On June 19, Mexican police intervened to clear a road blockade in the town of Nochixtlan. The brutal repression left 6 people dead and dozens of others injured, at least 21 were arrested. The blockade had been organised by teachers with the support of the local communities in order to prevent Federal Police from reaching the capital of Oaxaca where striking teachers have organised an encampment.
This is the latest instance of brutal repression by the Mexican government of Peña Nieto against the months long movement of teachers against an education counter reform. On Friday, June 17, thousands of police officers formed a human wall which prevented a teachers’ demonstration from reaching the centre of Mexico City, where their camp had already been brutally evicted days earlier.
Thousands of teachers have been sacked from their jobs for refusing the pass tests which are part of the education “reform”, hundreds have been arrested including many of the leaders of the democratic teachers’ union, CNTE. Amongst those detained are 15 leaders of the union, including the general secretaries of section 22 representing Oaxaca and section 18 in Michoacán, who are being held in high security jails.
The democratic wing of the teachers’ union is the majority in the union in the states of Chiapas, Guerrero, Michoacán and Oaxaca, as well as in Mexico City. The CNTE, which was set up in 1979 to struggle against the bureaucratic pro-government corrupt leaders of the SNTE union, has the support of teacher activists across the country. In these rural regions it controls, the teachers are also the backbone of the many of the social movements.
The education “reform” is a key part of the strategy of Peña Nieto’s government for two reasons: one, its implementation would effectively destroy education as a right to be guaranteed by the state, opening up the door to privatisation; two, because the reform is also aimed at destroying the power of the militant CNTE union. In this respect it fits in the government strategy of “opening up” the country’s oil industry to foreign and private investment, the attacks against the IPN Polytechnic University, and the smashing of the militant electricians union SME.
The reason why the government has singled out Oaxaca CNTE section 22 is the role it played in the 2006 uprising in Oaxaca which solidified its links with the local communities, many of them indigenous. The memory of the months-long Oaxaca commune ten years ago has not been erased (see here)
What we witnessed on June 19 at Nochixtlan were scenes of civil war. On the one side the local community, armed with sticks and stones, set up barricades blockading the main Puebla-Oaxaca highway to prevent the arrival of the forces of repression to the capital of the state. They had blockaded the road for a week. On the other hand Federal Police used all means at their disposal to remove them: tear gas, rubber bullets, helicopters and, according to local eyewitnesses, also live ammunition.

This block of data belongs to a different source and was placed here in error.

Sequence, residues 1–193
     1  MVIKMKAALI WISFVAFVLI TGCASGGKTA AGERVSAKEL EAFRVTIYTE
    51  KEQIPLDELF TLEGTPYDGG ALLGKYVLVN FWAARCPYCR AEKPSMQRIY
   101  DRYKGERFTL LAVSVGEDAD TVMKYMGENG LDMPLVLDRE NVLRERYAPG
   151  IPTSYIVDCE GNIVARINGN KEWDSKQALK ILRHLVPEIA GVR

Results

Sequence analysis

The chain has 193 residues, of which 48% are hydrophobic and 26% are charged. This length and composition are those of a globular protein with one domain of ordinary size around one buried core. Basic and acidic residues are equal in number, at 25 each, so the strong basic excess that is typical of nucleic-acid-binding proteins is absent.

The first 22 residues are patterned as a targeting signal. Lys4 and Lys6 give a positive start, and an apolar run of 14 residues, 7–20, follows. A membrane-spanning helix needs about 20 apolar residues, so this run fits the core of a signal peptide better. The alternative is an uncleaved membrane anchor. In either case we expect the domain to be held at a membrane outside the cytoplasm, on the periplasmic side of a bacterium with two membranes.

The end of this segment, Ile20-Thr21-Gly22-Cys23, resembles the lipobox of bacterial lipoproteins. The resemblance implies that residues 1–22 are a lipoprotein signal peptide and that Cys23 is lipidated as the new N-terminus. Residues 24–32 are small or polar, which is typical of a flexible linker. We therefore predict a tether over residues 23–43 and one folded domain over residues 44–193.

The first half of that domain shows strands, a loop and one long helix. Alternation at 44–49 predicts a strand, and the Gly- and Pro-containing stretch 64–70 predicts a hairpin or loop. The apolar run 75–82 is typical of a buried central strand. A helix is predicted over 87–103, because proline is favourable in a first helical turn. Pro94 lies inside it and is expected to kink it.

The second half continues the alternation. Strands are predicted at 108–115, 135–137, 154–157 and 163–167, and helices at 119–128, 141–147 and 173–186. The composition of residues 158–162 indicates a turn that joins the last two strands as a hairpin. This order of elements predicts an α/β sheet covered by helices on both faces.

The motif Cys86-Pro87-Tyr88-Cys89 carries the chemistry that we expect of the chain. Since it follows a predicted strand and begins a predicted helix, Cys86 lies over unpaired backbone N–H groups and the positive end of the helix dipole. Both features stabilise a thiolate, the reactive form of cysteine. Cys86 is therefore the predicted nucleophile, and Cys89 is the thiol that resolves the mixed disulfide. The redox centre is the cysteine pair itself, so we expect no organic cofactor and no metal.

The clashes went on for more than 7 hours. Meanwhile, the police prevented ambulances from reaching the site and when the local community managed to get some of their wounded to the local hospital, the police prevented them from being treated.
Those killed are: Yalid Jiménez Santiago, 29, from Santa María Apazco, in Nochixtlán. He had responded to a call to reinforce the barricades when the Federal Police shot his van. Oscar Nicolás Santiago, from Las Flores Tilantongo, 21, peasant, was wounded by gun shot from the Federal Police. He was taken to the hospital but refused care as they were treating only police officers. He bled to death. Andrés Aguilar Sanabria. 23, was an indigenous teacher. Anselmo Cruz Aquino, from Santiago Amatlán, killed from a bullet wound. Antonio Pérez García, high school student. Jesús Cadena Sánchez Meza, 19, student.
On the same day, the police attacked another road blockade in Salina Cruz, Oaxaca where teachers and their supporters had established a barricade closing down the Chiapas - Oaxaca highway.
Initially the police denied that their officers had been carrying fire arms, but later changed their version, alleging that “unknown” people started firing “at both demonstrators and police” and this is what prompted the “arrival of armed police officers” to the scene.
The movement of the teachers has widespread support, not only in the regions where they are stronger but across the whole country. The rural labourers in the San Quintin Valley, in Baja California, on struggle for decent wages and against harassment by the bosses, have also come out in support of the Oaxaca teachers. In fact, many of these super-exploited labourers are migrant workers originally from Oaxaca.
A national march in support of the movement of the teachers has been called in Mexico City on Sunday, with the support of Morena leader Andrés Manuel Lopez Obrador.
What we see in Mexico is a government which is decided to carry out a program of cuts and counter-reforms using any amount of violence and repression necessary to push it through. The government however, is extremely discredited and has had to face a series of mass movements, including the movement for justice for the 43 Ayotzinapa students forcibly disappeared nearly two years ago.
The main problem with the different movements which have taken place have been their isolation and fragmented character. There is an urgent need to unify all the different struggles into one single powerful movement to roll back all the attacks and to bring down the government.
We call on the broadest international solidarity and support for the struggle of the Mexican teachers. Down with repression! For the immediate release of all detained union leaders! Unity in struggle! Down with the murderous Peña Nieto regime!